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Research Studies is a monthly compilation of research articles funded by AHRQ or authored by AHRQ researchers and recently published in journals or newsletters.
Results1 to 7 of 7 Research Studies Displayed
Bayer ND, Hall M, LI Y
Trends in health care use and spending for young children with neurologic impairment.
This retrospective study examined trends in health care use and spending for young children with neurologic impairment (NI) during their first 5 years of life. This study of 13,947 children with NI used data in the multistate IBM Medicaid MarketScan Database from 2009 to 2017. Inpatient service use decreased from 66.8% during the first year down to 5.8% during the fifth year. Emergency department (ED) use decreased more gradually from 67.8% during the first year to 44.4% during the fifth year. Per-member-per-year spending decreased from $83,352 during the first year down to $1944 in the fifth year.
Citation: Bayer ND, Hall M, LI Y . Trends in health care use and spending for young children with neurologic impairment. Pediatrics 2022 Jan;149(1). doi: 10.1542/peds.2021-050905.
Keywords: Children/Adolescents, Healthcare Costs, Healthcare Utilization, Neurological Disorders
Wissel BD, Greiner HM, Glauser TA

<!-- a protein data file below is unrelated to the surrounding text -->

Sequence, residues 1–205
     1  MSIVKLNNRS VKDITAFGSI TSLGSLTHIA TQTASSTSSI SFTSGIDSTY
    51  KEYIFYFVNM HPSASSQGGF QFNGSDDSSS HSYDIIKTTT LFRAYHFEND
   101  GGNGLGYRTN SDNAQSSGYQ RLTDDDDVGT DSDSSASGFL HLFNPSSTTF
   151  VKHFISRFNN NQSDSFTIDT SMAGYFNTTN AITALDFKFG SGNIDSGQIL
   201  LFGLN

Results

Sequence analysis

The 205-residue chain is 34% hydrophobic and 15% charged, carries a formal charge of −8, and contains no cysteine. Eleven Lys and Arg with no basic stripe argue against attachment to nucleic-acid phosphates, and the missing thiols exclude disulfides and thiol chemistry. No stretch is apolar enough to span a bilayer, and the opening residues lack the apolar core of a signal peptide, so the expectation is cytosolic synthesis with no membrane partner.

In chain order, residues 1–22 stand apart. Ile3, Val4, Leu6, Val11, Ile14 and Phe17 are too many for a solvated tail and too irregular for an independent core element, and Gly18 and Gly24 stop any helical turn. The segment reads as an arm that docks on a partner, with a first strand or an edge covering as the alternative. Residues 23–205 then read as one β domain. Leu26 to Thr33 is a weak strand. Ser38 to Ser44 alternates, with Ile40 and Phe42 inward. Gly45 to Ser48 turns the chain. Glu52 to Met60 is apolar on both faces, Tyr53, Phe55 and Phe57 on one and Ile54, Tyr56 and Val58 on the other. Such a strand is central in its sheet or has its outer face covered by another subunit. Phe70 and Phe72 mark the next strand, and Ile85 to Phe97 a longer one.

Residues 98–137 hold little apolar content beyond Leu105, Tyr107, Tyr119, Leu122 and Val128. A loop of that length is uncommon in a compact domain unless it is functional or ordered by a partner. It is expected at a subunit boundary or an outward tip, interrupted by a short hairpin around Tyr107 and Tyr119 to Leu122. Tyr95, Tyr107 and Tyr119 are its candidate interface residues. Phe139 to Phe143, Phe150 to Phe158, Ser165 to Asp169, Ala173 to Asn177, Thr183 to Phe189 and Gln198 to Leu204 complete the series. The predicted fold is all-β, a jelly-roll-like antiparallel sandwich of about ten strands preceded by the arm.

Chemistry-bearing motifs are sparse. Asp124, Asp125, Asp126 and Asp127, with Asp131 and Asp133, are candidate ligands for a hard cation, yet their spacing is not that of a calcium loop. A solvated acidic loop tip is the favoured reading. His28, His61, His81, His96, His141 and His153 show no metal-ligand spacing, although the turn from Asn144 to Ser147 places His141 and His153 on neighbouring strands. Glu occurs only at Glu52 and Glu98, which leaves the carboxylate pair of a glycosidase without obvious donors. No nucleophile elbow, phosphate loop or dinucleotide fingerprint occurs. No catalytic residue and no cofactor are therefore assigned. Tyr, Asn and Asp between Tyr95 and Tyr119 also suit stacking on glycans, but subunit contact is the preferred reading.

Investigation of bias in an epilepsy machine learning algorithm trained on physician notes.
Racial disparities in the utilization of epilepsy surgery are well documented, but it is unknown whether a natural language processing (NLP) algorithm trained on physician notes would produce biased recommendations for epilepsy presurgical evaluations. To assess this, an NLP algorithm was trained to identify potential surgical candidates using 1097 notes from 175 epilepsy patients with a history of resective epilepsy surgery and 268 patients who achieved seizure freedom without surgery (total N = 443 patients).
Citation: Wissel BD, Greiner HM, Glauser TA . Investigation of bias in an epilepsy machine learning algorithm trained on physician notes. Epilepsia 2019 Sep;60(9):e93-e98. doi: 10.1111/epi.16320..
Keywords: Neurological Disorders, Surgery, Clinical Decision Support (CDS), Healthcare Utilization, Health Information Technology (HIT), Decision Making
Gillespie SM, Wasserman EB, Wood NE
High-intensity telemedicine reduces emergency department use by older adults with dementia in senior living communities.
Individuals with dementia have high rates of emergency department (ED) use for acute illnesses. In this study, the investigators evaluated the effect of a high-intensity telemedicine program that delivered care for acute illnesses on ED use rates for individuals with dementia residing in senior living communities (SLCs; independent and assisted living).
Citation: Gillespie SM, Wasserman EB, Wood NE . High-intensity telemedicine reduces emergency department use by older adults with dementia in senior living communities. J Am Med Dir Assoc 2019 Aug;20(8):942-46. doi: 10.1016/j.jamda.2019.03.024..
Keywords: Elderly, Telehealth, Health Information Technology (HIT), Dementia, Neurological Disorders, Healthcare Delivery, Chronic Conditions, Emergency Department, Healthcare Utilization
Callaghan BC, Reynolds E, Banerjee M
Longitudinal pattern of pain medication utilization in peripheral neuropathy patients.